Salmon Confidential is a new film on the government cover up of what is killing BC’s wild salmon. When biologist Alexandra Morton discovers BC’s wild salmon are testing positive for dangerous European salmon viruses associated with salmon farming worldwide, a chain of events is set off by government to suppress the findings. Tracking viruses, Morton moves from courtrooms, into British Columbia’s most remote rivers, Vancouver grocery stores and sushi restaurants. The film documents Morton’s journey as she attempts to overcome government and industry roadblocks thrown in her path and works to bring critical information to the public in time to save BC’s wild salmon. The film provides surprising insight into the inner workings of government agencies, as well as rare footage of the bureaucrats tasked with managing our fish and the safety of our food supply. WATCH DOCUMENTARY HERE
Doctors warn women and children should avoid farmed salmon. Learn how to tell whether you are being served farmed or wild salmon and why you should know the difference.
Also watch new 3 min video "Putting the Squeeze on Farmed Salmon" to see a wild and farmed salmon fry off - the results are incredible.
ASKING NORWAY ABOUT THE PISCINE REOVIRUS -
what does a new European virus that now infects most BC salmon farms mean for wild salmon?
Industry and government deny the piscine reovirus (PRV) is anything to be concerned about, even though this newly introduced, highly infectious virus from Norway has infected over 90% of the salmon farms in BC and is rapidly spreading to BC’s wild salmon. In this video Twyla hops a plane to Norway to find out what Norwegian scientists have to say about PRV and it’s effects on salmon. WATCH FILM HERE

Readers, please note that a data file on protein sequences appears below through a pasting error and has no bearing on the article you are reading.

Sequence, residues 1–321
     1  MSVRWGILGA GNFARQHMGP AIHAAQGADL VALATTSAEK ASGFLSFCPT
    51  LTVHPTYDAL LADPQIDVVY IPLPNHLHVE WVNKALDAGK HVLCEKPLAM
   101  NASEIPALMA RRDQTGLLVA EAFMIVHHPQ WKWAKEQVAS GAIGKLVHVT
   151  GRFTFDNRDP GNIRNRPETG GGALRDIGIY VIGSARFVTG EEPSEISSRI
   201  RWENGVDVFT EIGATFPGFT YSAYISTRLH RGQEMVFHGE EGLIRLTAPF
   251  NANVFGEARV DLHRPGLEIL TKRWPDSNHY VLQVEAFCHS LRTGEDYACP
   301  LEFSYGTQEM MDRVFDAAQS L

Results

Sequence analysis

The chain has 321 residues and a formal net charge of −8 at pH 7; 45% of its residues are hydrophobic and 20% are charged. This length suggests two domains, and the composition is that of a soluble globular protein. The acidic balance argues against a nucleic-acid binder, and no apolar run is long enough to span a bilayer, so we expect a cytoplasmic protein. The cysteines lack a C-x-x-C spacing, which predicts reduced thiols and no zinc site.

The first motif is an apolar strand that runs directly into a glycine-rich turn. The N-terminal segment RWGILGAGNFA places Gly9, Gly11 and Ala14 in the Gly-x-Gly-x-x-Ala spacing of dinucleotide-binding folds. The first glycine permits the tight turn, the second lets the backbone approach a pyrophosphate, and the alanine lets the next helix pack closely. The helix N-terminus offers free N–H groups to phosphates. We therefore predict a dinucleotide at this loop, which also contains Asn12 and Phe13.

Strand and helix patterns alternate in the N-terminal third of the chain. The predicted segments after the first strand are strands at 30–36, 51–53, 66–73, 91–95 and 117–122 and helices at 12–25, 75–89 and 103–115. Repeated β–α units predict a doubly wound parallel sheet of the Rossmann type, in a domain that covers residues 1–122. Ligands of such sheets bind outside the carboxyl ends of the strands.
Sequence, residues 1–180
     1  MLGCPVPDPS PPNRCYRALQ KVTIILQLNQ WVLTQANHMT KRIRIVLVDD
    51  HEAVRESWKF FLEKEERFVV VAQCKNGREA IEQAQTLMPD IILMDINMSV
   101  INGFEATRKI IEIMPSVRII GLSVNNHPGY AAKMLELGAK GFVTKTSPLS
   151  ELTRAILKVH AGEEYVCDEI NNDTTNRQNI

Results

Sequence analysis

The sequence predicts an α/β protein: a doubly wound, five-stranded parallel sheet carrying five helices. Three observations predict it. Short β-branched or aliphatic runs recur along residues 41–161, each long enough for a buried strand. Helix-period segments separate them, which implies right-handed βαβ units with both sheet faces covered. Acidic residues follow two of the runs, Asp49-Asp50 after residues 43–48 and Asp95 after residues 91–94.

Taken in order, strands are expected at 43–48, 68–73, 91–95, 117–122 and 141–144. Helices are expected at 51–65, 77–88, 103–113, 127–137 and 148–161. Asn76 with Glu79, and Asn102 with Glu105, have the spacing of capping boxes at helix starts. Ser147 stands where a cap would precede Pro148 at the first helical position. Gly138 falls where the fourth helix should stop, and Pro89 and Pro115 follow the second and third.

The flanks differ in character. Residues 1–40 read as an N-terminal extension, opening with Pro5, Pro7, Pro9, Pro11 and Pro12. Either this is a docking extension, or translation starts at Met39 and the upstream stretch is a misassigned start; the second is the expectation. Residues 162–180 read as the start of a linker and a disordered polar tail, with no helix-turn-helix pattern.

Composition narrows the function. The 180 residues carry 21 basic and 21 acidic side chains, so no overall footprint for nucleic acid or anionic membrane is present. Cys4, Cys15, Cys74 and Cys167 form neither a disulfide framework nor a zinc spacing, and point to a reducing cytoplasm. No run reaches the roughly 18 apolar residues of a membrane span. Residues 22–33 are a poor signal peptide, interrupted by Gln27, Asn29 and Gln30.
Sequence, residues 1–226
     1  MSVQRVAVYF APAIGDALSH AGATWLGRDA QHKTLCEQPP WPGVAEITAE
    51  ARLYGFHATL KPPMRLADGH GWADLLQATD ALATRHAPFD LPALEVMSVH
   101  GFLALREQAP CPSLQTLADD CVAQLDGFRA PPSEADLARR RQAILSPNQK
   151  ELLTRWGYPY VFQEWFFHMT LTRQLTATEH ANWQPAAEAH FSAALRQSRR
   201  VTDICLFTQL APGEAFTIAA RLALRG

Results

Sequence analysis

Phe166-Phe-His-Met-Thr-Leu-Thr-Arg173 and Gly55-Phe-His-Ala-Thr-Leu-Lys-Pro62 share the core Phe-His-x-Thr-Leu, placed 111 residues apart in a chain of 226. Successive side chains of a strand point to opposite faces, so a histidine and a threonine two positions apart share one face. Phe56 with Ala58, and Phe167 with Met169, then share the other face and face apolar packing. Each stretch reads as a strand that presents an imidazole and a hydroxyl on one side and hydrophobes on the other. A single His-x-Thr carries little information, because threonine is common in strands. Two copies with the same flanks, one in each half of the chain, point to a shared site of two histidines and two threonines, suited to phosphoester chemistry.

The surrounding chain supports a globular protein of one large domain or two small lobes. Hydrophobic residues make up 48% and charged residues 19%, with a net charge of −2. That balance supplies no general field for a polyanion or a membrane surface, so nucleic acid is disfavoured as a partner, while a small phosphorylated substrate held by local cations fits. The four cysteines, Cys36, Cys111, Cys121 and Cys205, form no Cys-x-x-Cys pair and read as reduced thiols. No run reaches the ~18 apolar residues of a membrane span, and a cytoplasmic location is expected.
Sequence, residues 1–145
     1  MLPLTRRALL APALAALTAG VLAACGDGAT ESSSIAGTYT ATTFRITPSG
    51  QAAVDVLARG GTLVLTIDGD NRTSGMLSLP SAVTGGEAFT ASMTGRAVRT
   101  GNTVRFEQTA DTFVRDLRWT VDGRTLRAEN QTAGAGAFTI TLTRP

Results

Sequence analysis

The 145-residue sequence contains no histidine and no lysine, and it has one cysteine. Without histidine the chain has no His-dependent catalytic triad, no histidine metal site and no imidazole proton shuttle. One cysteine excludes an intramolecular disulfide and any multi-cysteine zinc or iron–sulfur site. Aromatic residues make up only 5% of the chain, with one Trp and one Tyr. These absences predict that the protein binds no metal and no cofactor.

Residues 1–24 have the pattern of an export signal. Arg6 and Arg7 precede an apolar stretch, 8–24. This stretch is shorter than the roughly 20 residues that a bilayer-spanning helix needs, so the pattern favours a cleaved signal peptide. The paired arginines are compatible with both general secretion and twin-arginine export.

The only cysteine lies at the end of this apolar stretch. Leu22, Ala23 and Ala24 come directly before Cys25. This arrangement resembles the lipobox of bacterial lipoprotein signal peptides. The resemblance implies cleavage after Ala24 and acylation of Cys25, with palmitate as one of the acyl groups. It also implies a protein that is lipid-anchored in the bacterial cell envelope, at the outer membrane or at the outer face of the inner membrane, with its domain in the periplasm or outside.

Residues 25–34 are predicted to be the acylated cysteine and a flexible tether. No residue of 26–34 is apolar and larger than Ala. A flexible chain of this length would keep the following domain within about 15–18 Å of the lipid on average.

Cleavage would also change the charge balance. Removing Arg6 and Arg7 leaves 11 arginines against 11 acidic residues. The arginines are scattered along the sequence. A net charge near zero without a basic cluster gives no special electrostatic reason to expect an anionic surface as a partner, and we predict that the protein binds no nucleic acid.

The Virology Journal just published the first scientific publication on the occurrence of piscine reovirus outside of Norway. In this paper, Morton and co-authors show that piscine reovirus is in British Columbia, that it came from Norway and that it likely entered BC sometime around 2007. READ THE PAPER HERE
We need fishermen to keep an eye out for disease symptoms in salmon they are catching, so we produced to educate fishermen around the province in what to look for in their salmon and what to do when they find something unusual. If you know of a place where fishermen would see the poster consider helping out by posting the poster there. ORDER OR DOWNLOAD POSTER HERE
IN THIS FOR THE LONG HAUL- FOR WILD SALMON
Join the Department of Wild Salmon. It is clear that it is up to the people to protect our most valuable natural resources: wild salmon and our spectacular, life-sustaining coast. Hope for these resources lies in the people, not government.
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